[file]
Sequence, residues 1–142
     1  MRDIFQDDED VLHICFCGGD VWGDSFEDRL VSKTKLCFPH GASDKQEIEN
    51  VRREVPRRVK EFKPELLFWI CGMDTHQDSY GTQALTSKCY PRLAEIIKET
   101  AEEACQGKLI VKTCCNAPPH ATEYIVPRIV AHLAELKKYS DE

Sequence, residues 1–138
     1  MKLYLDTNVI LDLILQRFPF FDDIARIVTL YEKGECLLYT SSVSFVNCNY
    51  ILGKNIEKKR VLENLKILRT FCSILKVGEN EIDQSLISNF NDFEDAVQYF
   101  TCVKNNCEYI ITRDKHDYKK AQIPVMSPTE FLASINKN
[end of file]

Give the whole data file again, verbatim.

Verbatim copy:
Sequence, residues 1–142
     1  MRDIFQDDED VLHICFCGGD VWGDSFEDRL VSKTKLCFPH GASDKQEIEN
    51  VRREVPRRVK EFKPELLFWI CGMDTHQDSY GTQALTSKCY PRLAEIIKET
   101  AEEACQGKLI VKTCCNAPPH ATEYIVPRIV AHLAELKKYS DE

Sequence, residues 1–138
     1  MKLYLDTNVI LDLILQRFPF FDDIARIVTL YEKGECLLYT SSVSFVNCNY
    51  ILGKNIEKKR VLENLKILRT FCSILKVGEN EIDQSLISNF NDFEDAVQYF
   101  TCVKNNCEYI ITRDKHDYKK AQIPVMSPTE FLASINKN